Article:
Tensioning Increase tension by starting at the valve hole and working
around the rim, turning each nipple. For the rear wheel, which has
less tension on the left, turn the right-side spokes a half turn and
the left ones a quarter turn. This helps center the rim. For front
wheels, turn both sides a half turn at a time.
If a centering adjustment is required, first loosen all the spokes
leading to one side of the hub a quarter or half turn (every other
spoke) and then tighten those leading to the other side by the same
After each tensioning sequence, adjust the rim’s trueness, roundness,
and centering. In general, remember to turn the nipples a little at
a time, and move the rim by loosening one side and tightening the
other instead of doing just one. Also, stress-relieve the spokes after
With each successive tensioning step the rim should need less truing.
After adding 4 to 6 rounds of tension it should be strong and the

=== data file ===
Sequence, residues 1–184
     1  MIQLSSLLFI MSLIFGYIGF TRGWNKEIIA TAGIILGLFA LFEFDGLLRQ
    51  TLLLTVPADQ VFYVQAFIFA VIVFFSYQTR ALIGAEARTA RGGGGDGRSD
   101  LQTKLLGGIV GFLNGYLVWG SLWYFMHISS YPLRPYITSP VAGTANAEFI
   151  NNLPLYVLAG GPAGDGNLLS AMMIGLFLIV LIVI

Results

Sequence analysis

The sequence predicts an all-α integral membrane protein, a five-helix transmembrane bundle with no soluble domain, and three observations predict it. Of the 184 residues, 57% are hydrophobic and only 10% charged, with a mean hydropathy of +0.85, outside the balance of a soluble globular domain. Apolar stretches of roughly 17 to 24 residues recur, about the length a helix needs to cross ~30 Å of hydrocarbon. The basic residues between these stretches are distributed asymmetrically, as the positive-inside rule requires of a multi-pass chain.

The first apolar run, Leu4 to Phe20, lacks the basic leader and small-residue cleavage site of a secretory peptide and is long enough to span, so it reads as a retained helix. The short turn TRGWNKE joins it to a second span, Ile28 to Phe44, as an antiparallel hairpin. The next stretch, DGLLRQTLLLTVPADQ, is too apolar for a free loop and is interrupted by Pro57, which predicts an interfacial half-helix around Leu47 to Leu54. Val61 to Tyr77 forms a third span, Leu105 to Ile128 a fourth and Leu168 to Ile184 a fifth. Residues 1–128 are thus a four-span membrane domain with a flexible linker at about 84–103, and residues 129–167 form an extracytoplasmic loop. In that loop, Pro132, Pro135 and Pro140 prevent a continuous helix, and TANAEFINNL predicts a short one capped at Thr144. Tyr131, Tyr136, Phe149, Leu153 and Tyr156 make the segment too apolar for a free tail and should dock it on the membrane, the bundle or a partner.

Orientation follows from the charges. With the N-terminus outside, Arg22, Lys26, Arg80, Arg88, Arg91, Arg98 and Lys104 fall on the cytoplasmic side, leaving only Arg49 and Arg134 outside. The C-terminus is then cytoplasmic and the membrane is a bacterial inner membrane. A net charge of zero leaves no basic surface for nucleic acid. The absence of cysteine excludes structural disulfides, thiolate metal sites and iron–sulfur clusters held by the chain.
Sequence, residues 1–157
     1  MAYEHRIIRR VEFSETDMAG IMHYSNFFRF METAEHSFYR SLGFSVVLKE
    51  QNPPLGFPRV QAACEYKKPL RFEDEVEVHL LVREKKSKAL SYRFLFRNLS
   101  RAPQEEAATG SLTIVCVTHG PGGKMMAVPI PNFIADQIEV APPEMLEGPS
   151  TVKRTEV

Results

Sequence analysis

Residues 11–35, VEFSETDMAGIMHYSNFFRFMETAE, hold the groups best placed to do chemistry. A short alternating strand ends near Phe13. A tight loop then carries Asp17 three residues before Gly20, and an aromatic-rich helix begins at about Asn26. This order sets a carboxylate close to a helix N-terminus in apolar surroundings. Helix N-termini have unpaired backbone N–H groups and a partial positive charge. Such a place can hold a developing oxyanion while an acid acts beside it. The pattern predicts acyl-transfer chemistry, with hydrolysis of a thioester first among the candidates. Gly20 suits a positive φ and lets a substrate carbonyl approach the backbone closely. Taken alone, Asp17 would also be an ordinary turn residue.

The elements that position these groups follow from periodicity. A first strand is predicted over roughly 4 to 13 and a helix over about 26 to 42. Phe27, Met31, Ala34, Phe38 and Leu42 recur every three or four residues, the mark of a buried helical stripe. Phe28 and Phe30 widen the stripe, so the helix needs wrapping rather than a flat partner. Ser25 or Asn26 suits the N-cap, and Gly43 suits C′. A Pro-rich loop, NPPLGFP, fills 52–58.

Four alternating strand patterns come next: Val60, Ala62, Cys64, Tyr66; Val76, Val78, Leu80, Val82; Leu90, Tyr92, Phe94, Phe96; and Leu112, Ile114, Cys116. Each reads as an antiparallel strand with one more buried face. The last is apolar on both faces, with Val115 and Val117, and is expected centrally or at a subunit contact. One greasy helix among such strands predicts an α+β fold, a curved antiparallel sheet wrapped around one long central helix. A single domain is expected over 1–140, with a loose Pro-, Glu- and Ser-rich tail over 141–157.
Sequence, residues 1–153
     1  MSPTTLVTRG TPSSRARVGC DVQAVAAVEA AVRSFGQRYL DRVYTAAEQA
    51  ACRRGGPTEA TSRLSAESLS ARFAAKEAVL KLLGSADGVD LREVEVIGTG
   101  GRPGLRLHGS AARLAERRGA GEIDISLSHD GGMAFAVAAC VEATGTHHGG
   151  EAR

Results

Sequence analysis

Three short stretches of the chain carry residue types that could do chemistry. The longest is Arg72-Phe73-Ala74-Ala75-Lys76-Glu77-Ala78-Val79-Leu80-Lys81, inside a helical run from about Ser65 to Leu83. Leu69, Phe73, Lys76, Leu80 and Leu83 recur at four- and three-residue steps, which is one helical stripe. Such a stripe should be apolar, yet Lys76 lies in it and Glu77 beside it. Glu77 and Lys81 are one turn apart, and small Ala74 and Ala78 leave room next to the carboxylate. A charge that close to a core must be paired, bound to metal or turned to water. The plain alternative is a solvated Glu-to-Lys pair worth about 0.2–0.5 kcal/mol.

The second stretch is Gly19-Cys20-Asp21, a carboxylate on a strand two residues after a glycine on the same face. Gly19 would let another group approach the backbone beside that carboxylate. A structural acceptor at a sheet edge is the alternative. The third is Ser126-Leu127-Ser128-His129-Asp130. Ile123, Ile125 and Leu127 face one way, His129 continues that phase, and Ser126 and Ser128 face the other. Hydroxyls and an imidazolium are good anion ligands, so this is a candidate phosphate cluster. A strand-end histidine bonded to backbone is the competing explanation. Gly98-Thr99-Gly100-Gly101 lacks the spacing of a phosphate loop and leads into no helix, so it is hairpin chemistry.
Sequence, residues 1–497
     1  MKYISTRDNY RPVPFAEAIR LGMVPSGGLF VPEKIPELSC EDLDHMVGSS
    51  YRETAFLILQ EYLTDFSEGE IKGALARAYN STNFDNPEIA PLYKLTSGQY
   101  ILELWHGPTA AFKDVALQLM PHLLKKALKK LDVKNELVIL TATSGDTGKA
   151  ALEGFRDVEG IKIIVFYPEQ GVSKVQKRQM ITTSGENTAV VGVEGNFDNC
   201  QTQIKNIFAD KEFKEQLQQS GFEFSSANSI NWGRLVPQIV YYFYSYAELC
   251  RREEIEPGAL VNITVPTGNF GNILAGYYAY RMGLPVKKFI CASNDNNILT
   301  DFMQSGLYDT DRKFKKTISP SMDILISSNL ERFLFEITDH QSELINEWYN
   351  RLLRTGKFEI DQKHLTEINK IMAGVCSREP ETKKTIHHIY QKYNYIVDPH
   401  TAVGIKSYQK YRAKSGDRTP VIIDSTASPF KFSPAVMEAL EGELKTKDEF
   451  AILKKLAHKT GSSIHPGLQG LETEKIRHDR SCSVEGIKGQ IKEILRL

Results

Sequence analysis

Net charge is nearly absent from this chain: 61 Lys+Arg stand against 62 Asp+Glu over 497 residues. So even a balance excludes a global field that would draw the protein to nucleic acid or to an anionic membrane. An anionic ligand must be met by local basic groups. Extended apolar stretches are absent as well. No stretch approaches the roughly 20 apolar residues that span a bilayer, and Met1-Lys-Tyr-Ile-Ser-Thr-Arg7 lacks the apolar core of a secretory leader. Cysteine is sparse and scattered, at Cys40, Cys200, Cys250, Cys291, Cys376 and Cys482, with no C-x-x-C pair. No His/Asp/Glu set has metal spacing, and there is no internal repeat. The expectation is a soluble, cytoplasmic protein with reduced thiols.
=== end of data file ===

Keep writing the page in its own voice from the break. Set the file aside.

spokes tight enough not to loosen, which is the mark of the good build.
It takes experience to recognize proper tension by feel. It helps
to squeeze spokes on hand-built wheels at a shop or check those of
another bike. On rear wheels you’ll notice that left-side spokes
always feel looser than right ones.
Other options are to buy a spoke
tensionometer or take your new wheels to a shop and ask them to
critique your work.
The last step is clean-up. This is important because wheelbuilding
lubricants can contaminate brake pads and some may deteriorate tires.
In a well ventilated area or outdoors please, thoroughly clean the
rim, hub, and spokes with a rag dampened with acetone or other solvent
(protect your skin and eyes). Good job!
is based on one I wrote for Bicycling Magazine. My video was
The sequential photos are by Mel